Involving our stakeholders – is it always possible?

Dr Adam RichardsEleri Lloyd Blog - 25/02/2019

Including stakeholders is a fundamental requirement of social value, but is this always possible? We are currently running a project in North Wales to support voluntary organisations to embed social value measurement into their organisations. As well as measuring, we will upskill Trustees to use this information to inform their decision making, ultimately maximising their social impact. The twenty-seven organisations involved represent different groups with support needs within our communities including victims of domestic abuse and sexual violence, veterans, adults with learning disabilities, children and young people, the elderly, people living with illnesses such as dementia and cancer, people with sensory impairment, people living with mental health concerns and also individuals who have been long term unemployed.

We might be supporting the organisations to embed the principles and work through the ten impact questions, but we are also learning from their expertise as to how best engage effectively with some of the most vulnerable people in society. As a project, we are passionate about ensuring that individuals are central to our decision making, but to say that we didn’t have any apprehension about how we could do this effectively in some situations of course would be a lie.

Over the last few months, we have worked closely with various organisations and have engaged successfully with individuals and gain an understanding of their well-defined outcomes from those who know best. During one focus group with individuals supported by Deafblind Cymru, we were supported by brilliant volunteers who helped us communicate through sign language. At BAWSO, who support victims of domestic abuse, we had support workers providing both Portuguese and Polish translation during our discussions. At both events, their support helped to ensure that the event had the same amount of ease and conversation as any other focus group we’ve done. At Erlas Victorian Walled Garden in Wrexham, who provide meaningful daytime activities to support adult with various disabilities, we were inspired by one of the volunteers who was able to gain an insight into what had changed in the lives of individuals who attend the garden. She was able to turn what sometimes can be quite a dull process into an enjoyful get together full of meaningful revelations.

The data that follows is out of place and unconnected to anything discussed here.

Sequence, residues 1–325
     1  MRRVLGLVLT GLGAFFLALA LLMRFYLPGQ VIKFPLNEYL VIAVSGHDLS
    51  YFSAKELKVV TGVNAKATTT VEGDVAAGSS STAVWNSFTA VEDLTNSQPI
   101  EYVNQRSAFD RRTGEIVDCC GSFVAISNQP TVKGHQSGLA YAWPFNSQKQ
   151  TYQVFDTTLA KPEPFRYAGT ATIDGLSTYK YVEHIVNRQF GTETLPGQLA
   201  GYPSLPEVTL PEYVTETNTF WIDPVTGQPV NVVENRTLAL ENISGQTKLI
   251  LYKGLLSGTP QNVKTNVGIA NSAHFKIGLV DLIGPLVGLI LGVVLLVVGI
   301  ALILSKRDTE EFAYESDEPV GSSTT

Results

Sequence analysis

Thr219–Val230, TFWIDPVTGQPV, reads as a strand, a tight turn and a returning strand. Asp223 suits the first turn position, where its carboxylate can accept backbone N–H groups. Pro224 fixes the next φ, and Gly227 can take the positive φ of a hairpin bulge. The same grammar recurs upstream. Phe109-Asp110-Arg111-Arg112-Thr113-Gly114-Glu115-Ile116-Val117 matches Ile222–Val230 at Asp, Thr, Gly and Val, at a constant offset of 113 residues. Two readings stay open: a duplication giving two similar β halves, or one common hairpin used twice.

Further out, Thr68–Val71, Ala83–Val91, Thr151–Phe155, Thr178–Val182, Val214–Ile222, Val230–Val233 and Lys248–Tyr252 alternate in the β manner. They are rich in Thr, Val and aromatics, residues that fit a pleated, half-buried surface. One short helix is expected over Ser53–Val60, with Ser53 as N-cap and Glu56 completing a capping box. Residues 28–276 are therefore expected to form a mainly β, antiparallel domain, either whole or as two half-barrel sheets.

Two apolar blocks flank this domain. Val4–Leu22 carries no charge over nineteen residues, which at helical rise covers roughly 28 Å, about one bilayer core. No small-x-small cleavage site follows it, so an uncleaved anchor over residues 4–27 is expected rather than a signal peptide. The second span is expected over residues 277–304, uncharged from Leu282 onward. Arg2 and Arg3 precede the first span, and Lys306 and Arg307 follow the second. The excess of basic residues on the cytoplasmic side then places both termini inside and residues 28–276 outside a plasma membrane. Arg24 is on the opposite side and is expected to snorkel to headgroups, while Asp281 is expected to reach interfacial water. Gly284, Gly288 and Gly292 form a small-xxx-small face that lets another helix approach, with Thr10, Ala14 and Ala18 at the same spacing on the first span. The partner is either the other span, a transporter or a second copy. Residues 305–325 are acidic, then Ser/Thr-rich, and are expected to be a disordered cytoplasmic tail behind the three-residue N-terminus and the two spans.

Confidentiality and sensitivity of course have been key, especially with some organisations such as those working with victims of abuse and great care was taken to plan these stakeholder engagement events. Within one organisation, we were able to arrange phone conversations from their offices where staff members transferred calls to us ensuring that we weren’t made aware of any personal details. This allowed the client to be comfortable, knowing that none of their personal details was shared but were extremely open about what had changed in their lives as a result, as well as what could perhaps be better to increase the impact.

Considering the saying ‘from the mouth of babes’ this became very apparent when working with several organisations who work with children and young people. They have been very open about their experiences and willing to share their thoughts on what was important, but also on what did not work for them. Dynamic is another charity being supported by us and they work with children that have a range of disabilities from physical, intellectual or sensory impairments, to life limiting illnesses. Using their expertise, they were able to ask the impact questions to the children which gave them an opportunity to express what was most important to them when attending the activities, while we engaged with the parents to get a better understanding about the impact on them as well as the impact on the children.

There are situations of course where involving stakeholders may not be possible such as those who might not have had positive changes, and we would always confirm any findings by involving others, such as parents, staff members, support workers and looking at other data and research. However, ensuring that all that is possible is done to allow a comfortable space for individuals to tell their story of change is our number one priority. They know best, and it’s only by asking people we can truly understand what happens and empowering them to communicate what is it that’s most important to them. One comment made at the end of one session with a mental health support charity confirmed this importance,

“Thank you for giving me the opportunity to contribute and for listening to my story.”

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